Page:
The South Dakota Board of Regents is moving forward with reopening its six universities and two schools and resuming face-to-face teaching and learning as scheduled for the fall semester.
Discussions among regents' staff, public university presidents and special school superintendents all made commitments to operate on campus and to safely resume classes in fall 2020.
"The COVID-19 pandemic dictated an unprecedented change this spring in the way we teach, learn, and work, requiring faculty, students and staff to adapt in extraordinary ways," said John W. Bastian, Regents President. "While our institutions will successfully complete the spring and summer semesters under conditions that none of us could anticipate, we all must turn attention to a new academic year beginning this fall."
Pandemic planning will continue in the months ahead, with campus-specific details and protocols to be announced. University-specific news releases and websites will give up-to-date information on the status of campus operations.
Regents and campus officials said they will be guided by safety, science and educational missions to balance on-campus teaching and learning while protecting community health and safety.
"Recognizing that university and special school administrators must be prepared to react quickly to an evolving public health challenge, and that some aspects of a campus experience may look different going forward, each campus has the authority to adjust certain operational details for their institution, academic programs, and community circumstances," the SDBOR said in a press release.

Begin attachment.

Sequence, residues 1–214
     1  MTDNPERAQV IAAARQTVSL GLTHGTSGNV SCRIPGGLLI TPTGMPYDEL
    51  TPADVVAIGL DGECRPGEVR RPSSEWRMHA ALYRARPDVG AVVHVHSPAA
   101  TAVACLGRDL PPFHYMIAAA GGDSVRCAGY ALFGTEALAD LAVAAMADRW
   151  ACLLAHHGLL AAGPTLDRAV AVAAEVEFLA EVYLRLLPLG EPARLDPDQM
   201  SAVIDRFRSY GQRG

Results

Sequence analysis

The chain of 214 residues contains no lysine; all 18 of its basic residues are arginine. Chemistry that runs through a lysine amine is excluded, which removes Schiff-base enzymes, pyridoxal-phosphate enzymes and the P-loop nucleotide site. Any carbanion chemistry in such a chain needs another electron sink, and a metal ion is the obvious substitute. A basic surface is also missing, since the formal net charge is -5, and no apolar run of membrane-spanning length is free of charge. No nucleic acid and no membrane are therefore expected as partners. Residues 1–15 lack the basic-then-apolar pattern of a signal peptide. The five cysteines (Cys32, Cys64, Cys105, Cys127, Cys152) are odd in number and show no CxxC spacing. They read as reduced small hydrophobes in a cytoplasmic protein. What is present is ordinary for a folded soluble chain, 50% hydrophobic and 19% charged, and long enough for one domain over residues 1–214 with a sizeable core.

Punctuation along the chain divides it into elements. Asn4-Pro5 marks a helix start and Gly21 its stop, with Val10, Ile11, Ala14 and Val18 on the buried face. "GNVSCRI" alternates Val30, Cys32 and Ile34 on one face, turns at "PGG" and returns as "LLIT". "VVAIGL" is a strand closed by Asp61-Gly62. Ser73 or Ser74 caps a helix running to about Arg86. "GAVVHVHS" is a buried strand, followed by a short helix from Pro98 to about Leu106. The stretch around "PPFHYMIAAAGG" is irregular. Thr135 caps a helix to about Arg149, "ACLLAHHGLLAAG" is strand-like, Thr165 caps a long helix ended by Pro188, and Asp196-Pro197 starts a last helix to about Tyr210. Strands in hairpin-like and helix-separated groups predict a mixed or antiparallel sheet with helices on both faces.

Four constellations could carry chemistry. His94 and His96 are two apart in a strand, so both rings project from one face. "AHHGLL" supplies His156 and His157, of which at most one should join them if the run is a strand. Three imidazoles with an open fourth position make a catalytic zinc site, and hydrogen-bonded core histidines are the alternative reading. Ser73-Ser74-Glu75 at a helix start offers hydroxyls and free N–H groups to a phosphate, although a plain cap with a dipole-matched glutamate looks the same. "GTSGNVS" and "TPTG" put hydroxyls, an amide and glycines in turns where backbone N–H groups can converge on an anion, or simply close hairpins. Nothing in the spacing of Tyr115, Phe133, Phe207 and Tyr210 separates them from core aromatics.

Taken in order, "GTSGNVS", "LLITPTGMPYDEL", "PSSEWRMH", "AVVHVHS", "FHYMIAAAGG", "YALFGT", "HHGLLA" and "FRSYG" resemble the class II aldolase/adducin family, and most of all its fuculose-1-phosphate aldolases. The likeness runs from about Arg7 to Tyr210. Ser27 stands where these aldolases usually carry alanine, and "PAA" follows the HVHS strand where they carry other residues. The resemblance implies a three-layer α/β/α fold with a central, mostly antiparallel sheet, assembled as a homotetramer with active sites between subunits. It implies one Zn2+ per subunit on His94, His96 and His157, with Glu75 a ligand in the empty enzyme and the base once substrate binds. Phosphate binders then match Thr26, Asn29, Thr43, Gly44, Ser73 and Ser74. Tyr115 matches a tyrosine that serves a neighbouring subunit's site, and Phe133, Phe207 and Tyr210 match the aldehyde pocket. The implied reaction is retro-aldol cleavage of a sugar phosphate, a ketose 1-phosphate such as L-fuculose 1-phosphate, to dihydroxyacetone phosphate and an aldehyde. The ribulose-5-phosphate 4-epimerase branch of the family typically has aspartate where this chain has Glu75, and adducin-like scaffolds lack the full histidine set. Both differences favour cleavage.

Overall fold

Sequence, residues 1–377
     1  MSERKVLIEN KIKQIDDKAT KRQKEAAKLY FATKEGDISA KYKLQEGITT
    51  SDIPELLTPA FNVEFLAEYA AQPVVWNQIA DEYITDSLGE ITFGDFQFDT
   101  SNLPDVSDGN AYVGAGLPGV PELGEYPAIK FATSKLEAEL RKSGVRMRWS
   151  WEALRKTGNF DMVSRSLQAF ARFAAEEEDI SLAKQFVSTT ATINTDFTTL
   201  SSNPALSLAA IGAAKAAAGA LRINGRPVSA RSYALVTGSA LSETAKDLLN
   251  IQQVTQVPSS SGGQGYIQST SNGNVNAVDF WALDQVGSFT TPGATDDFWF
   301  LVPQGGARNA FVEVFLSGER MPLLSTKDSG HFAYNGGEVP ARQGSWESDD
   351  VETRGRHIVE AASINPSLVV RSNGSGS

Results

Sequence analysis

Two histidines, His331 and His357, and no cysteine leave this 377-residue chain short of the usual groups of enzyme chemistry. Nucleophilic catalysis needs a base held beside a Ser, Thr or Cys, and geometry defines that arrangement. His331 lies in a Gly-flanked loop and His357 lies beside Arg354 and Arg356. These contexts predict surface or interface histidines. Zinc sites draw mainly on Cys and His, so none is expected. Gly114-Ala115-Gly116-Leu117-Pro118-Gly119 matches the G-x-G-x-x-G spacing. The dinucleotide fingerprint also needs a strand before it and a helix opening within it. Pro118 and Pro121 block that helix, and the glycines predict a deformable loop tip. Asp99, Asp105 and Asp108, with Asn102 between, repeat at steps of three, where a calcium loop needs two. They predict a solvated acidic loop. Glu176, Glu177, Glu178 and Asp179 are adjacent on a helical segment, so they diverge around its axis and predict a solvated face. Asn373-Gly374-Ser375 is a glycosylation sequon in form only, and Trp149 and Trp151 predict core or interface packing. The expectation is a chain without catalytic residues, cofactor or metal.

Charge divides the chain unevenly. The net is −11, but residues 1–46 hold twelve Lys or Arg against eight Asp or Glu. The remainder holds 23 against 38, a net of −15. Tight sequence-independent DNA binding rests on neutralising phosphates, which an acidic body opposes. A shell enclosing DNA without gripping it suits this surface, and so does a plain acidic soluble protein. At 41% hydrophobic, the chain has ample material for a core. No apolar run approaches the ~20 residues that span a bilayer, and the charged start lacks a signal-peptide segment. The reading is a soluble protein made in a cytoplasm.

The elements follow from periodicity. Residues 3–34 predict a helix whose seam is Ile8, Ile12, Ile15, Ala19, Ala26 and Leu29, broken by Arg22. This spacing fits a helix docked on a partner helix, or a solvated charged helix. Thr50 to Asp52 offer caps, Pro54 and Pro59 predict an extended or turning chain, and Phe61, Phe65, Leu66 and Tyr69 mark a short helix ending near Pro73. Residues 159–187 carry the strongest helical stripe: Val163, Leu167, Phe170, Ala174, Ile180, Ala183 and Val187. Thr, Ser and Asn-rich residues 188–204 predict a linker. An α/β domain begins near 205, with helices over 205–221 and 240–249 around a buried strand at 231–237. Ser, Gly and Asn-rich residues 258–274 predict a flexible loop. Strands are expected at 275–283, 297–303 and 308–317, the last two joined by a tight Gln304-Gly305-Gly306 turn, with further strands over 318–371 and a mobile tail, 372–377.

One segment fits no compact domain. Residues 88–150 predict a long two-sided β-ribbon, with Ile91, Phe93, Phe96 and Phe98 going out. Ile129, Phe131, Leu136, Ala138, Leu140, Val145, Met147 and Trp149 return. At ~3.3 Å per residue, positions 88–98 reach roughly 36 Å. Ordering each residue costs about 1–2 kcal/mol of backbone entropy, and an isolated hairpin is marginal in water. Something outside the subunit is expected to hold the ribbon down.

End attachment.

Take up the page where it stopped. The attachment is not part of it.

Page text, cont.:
The Regents govern Black Hills State University, Dakota State University, Northern State University, South Dakota School of Mines & Technology, South Dakota State University, University of South Dakota, South Dakota School for the Blind & Visually Impaired and the South Dakota School for the Deaf.
At School of Mines, a campus task force that includes faculty, staff, and health experts is developing a plan for the return of students to campus that will utilize best practices and protocols to prevent the possible spread of COVID-19.
Some aspects of campus life and experiences may look different going forward, Mines said in a news release. The details on new protocols will be announced in the coming weeks and months.
"The COVID-19 pandemic is a fluid situation. South Dakota Mines is prepared to react quickly to any changing circumstances on campus or in the local community," the school said.
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